The following issues arise for court’s determination:
(1) Can pre-marital assets be the subject of a property adjustment order?
(2) In what circumstances can pre-marital assets be made the subject of a property adjustment order?
(3) Where there are only pre-marital assets, does the sharing principle apply?
(4) Do the circumstances of this case justify the making of an order in respect of the parties’ pre-marital assets?
(5) If yes, how should the parties’ respective interest in the pre-marital assets be computed and distributed?
 The unusual circumstances of this case necessitate a departure from what Sir Mark Potter, P. of the English Court of Appeal in Charman v Charman (No. 4),  described as the starting point of every inquiry in an application for ancillary relief, namely, the financial position of the parties. The learned president stated that the inquiry is always in two stages, namely, computation and distribution. A court should first consider the property, income (including earning capacity) and other financial resources which the parties have and are likely to have in the foreseeable future. In the case at bar, it seems to me that some of the issues raised in this application have to be determined before proceeding to computation and distribution.
The Statutory Framework
 Sections 24 and 25 of the Act are the applicable law to be considered by the court on an application for ancillary relief. They provide as follows:
” Property adjustment orders in connection with divorce proceedings, etc .
24. – (1) On granting a decree of divorce, a decree of nullity of marriage or a decree of judicial separation or at any time thereafter (whether, in the case of a decree of nullity of marriage, before or after the decree is made absolute), the court may make any one or more of the following orders, that is to say –
(a) an order that a party to the marriage shall transfer to the other party, to any child of the family or to such person as may be specified in the order for the benefit of such a child such property as may be so specified, being property to which the first-mentioned party is entitled, either in possession or reversion;
(b) an order that a settlement of such property as may be so specified, being property to which a party to the marriage is so entitled, be made to the satisfaction of the court for the benefit of the other party to the marriage and of the children of the family or either or any of them;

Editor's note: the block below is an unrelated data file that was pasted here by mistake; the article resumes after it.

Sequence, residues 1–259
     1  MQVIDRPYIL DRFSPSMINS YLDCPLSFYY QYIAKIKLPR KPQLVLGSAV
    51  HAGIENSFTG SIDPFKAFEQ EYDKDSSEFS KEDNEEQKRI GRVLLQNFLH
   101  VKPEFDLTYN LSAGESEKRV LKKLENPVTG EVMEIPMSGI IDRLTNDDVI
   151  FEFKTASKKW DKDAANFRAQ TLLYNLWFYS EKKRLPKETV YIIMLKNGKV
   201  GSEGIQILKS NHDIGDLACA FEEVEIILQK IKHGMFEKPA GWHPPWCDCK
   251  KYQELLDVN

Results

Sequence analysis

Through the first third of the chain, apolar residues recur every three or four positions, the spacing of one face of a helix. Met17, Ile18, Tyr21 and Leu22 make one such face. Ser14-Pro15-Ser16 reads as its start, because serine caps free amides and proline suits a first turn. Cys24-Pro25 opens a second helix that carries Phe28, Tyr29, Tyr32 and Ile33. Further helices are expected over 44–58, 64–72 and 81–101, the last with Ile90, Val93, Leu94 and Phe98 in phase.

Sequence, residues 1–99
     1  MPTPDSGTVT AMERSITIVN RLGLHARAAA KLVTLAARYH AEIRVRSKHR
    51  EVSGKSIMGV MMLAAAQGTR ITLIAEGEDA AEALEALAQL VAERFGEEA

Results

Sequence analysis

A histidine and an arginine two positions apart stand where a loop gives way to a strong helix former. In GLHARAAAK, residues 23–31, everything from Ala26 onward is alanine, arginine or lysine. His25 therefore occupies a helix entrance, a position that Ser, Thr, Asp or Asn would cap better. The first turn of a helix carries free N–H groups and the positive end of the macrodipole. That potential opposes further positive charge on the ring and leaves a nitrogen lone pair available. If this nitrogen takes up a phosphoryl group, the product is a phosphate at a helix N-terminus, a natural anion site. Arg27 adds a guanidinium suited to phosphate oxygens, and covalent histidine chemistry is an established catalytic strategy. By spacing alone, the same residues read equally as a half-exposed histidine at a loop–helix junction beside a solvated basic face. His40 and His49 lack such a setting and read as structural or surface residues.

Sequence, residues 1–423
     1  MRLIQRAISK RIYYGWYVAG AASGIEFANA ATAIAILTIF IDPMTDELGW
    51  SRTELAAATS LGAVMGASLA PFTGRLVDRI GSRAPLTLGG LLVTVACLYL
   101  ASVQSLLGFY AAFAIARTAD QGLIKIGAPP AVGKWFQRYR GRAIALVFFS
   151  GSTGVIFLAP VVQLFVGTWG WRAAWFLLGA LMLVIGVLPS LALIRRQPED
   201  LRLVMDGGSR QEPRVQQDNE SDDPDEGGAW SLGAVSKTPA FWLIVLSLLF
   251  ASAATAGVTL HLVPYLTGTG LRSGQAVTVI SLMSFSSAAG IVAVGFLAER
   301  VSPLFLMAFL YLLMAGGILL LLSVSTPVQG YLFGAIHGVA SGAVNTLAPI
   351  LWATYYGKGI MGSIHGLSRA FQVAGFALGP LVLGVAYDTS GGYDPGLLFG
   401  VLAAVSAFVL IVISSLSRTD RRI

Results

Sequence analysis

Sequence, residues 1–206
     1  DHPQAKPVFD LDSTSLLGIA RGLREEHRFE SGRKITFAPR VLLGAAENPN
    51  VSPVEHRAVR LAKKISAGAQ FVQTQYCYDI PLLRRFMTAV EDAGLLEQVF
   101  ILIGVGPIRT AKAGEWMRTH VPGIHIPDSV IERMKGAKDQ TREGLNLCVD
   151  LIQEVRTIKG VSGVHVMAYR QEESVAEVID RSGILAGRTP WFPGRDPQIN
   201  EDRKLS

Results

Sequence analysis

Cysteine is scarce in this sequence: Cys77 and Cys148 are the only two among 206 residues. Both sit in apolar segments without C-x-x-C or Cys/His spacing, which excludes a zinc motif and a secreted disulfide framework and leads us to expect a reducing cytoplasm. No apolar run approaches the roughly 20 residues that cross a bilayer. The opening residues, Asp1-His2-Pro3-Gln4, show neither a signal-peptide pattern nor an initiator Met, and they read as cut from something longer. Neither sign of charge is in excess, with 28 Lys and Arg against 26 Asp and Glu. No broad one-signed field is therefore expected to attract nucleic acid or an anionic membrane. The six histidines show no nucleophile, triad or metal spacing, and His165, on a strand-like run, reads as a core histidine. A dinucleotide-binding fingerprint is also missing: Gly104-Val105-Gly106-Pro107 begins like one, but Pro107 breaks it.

(c) an order varying for the benefit of the parties to the marriage and of the children of the family or either or any of them any ante-nuptial or post-nuptial settlement (including such a settlement made by will or codicil) made on the parties to the marriage …;
(d) an order extinguishing or reducing the interest of either of the parties to the marriage under any such settlement …;
subject, however, in the case of an order under paragraph (a) above, to the restrictions imposed by section 29(1) and (3) below on the making of orders, for a transfer of property in favour of children who have attained the age of eighteen.
(2) The court may make an order under subsection (1)(c) above notwithstanding that there are no children of the family.
(3) Without prejudice to the power to give a direction under section 30 below for the settlement of an instrument by conveyancing counsel, where an order is made under this section on or after granting a decree of divorce or nullity of marriage, neither the order nor any settlement made in pursuance of the order shall take effect unless the decree has been made absolute.
Matters to which court is to have regard in deciding how to exercise its powers under sections 23 and 24 .
25. – (1) It shall be the duty of the court in deciding whether to exercise its powers … to have regard to all the circumstances of the case … the court shall in particular have regard to the following matters –
(a) the income, earning capacity, property and other financial resources which each of the parties to the marriage has or is likely to have in the foreseeable future, including in the case of earning capacity any increase in that capacity which it would in the opinion of the court be reasonable to expect a party to the marriage to take steps to acquire;
(b) the financial needs, obligations and responsibilities which each of the parties to the marriage has or is likely to have in the foreseeable future;
(c) the standard of living enjoyed by the family before the breakdown of the marriage;
(d) the age of each party to the marriage and the duration of the marriage;
(e) any physical or mental disability of either of the parties to the marriage;
(f) the contributions which each of the parties has made or is likely in the foreseeable future to make to the welfare of the family, including any contribution made by looking after the home or caring for the family;
(g) the conduct of each of the parties, if that conduct is such that it would in the opinion of the court be inequitable to disregard it;
(g) in the case of proceedings for divorce or nullity of marriage, the value to either of the parties to the marriage of any benefit (for example, a pension) which, by reason of the dissolution or annulment of the marriage, that party will lose the chance of acquiring;”
What is the Judicial Objective?
 It is settled law that, in matters of this nature, the ultimate judicial objective is to achieve a fair outcome. But in cases like this what is fairness?